The Yale Law Journal


Lafler v. Cooper and AEDPA

19 Jun 2012
Lafler presented the Supreme Court with an unusual opportunity to declare new doctrine on habeas review. First, the State had conceded that the performance of respondent Anthony Cooper’s lawyer was deficient under the first prong of Strickland v. Washington3—a point not easily demonstrated in most habeas cases because of the deference afforded strategic decisions.4 Second, the Court managed to avoid what would have been a difficult hurdle for the petitioner to clear in seeking relief under§ 2254(d)(1), the provision of the habeas statute that conditions relief upon a showing that the state decision was either “contrary to, or involved an unreasonable application of, clearly established Federal law, as determined by the Supreme Court of the United States.”5 The state court’s vague wording allowed the Court to characterize the state decision as “contrary to” Strickland and to bypass the issue of whether it was an “unreasonable application” of Strickland.

The Court’s opinion in Lafler turned on the following two paragraphs of the state court decision:

  To establish ineffective assistance, the defendant must demonstrate that his counsel’s performance fell below an objective standard of reasonableness and that counsel’s representation so prejudiced the defendant that he was deprived of a fair trial. With respect to the prejudice aspect of the test, the defendant must demonstrate a reasonable probability that, but for counsel’s errors, the result of the proceedings would have been different, and that the attendant proceedings were fundamentally unfair and unreliable.  
  Defendant challenges the trial court’s finding . . . that defense counsel provided effective assistance to defendant during the plea bargaining process. He contends that defense counsel failed to convey the benefits of the plea offer to him and ignored his desire to plead guilty, and that these failures led him to reject a plea offer that he now wishes to accept. However, the record shows that defendant knowingly and intelligently rejected two plea offers and chose to go to trial. The record fails to support defendant’s contentions that defense counsel’s representation was ineffective because he rejected a defense based on [a] claim of self-defense and because he did not obtain a more favorable plea bargain for defendant.6  

The five Justices in the Lafler majority concluded that this decision was “contrary to” Strickland, because in their view it failed entirely to apply the case: “Rather than applying Strickland, the state court simply found that respondent’s rejection of the plea was knowing and voluntary. An inquiry into whether the rejection of a plea is knowing and voluntary, however, is not the correct means by which to address a claim of ineffective assistance of counsel.”7 The state court, in the majority’s view, “applie[d] a rule that contradicts the governing law set forth in [Supreme Court] cases.”8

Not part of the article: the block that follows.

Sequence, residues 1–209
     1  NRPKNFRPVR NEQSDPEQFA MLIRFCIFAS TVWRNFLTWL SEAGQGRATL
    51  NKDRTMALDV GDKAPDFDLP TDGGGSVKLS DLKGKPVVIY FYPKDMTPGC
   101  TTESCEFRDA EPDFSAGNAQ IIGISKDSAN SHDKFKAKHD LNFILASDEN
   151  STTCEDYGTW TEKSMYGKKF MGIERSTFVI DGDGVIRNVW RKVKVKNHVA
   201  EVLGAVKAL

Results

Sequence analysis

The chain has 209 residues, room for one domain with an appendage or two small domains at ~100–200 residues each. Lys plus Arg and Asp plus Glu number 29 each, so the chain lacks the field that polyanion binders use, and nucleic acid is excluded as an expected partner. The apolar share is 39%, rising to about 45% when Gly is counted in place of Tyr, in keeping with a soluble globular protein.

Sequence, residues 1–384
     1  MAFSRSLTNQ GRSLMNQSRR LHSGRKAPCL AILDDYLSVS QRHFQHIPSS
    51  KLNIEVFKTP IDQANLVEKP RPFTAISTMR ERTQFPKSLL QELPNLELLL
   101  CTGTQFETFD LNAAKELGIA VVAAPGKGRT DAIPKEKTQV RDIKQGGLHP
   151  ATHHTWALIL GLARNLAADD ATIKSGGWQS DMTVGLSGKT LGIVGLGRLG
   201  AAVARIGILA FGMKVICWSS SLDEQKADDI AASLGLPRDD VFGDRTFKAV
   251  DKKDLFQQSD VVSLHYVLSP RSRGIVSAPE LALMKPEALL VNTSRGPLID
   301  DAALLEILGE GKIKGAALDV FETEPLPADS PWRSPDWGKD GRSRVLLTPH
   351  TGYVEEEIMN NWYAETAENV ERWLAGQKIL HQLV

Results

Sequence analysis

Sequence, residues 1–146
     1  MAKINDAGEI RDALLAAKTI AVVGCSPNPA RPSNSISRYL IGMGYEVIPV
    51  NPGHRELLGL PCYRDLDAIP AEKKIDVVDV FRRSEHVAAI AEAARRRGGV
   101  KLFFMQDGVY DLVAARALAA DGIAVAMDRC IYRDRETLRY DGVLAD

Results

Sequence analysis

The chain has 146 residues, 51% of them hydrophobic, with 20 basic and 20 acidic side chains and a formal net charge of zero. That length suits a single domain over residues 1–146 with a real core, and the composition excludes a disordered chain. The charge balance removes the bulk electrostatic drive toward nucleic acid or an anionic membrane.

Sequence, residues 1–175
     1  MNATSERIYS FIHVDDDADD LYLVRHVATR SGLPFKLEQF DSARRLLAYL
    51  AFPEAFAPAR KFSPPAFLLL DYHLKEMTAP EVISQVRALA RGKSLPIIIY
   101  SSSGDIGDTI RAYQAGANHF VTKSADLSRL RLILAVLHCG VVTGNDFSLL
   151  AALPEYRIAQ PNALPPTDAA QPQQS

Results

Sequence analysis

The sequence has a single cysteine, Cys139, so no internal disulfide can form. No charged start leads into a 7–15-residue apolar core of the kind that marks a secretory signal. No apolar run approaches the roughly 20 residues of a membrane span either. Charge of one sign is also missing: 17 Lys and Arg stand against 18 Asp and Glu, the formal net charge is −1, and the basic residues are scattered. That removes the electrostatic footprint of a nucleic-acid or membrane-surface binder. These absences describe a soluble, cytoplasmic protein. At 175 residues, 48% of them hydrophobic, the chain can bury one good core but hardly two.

By contrast, the four dissenting Justices read the second paragraph of the state court’s analysis as that court’s application of the Strickland standard. The state court’s statement that “defendant knowingly and intelligently rejected two plea offers and chose to go to trial,” the dissenters explained, “can be regarded as a denial that there was anything ‘fundamentally unfair’ about Cooper’s conviction and sentence, so that no Strickland prejudice had been shown.”9 Because it referenced and applied the correct test, they reasoned, the decision was not contrary to established federal law. Furthermore, this opinion was not an “unreasonable application[] of clearly established law,” the dissenters argued, “since this Court has never held that a defendant in Cooper’s position can establish Strickland prejudice.”10

Had the state court used language more easily read as rejecting Cooper’s claim under Strickland’s prejudice standard, the majority would not have had the option of characterizing the state decision as “contrary to” Strickland.11 Instead, the Court would have had to explain why the state decision was an unreasonable application of Strickland. And under that standard, Cooper would have lost. It would have been reasonable, before Lafler, for a state court to decide that it was not “prejudice” under Strickland to end up with a fair trial and legal sentence after missing out on a more favorable plea deal because of counsel’s incompetence. No decision of the Supreme Court had held that the Sixth Amendment protected defendants from losing plea deals, as opposed to fair trials, sentencing proceedings, or appeals,12 and several of the Court’s decisions had pointed in the other direction.13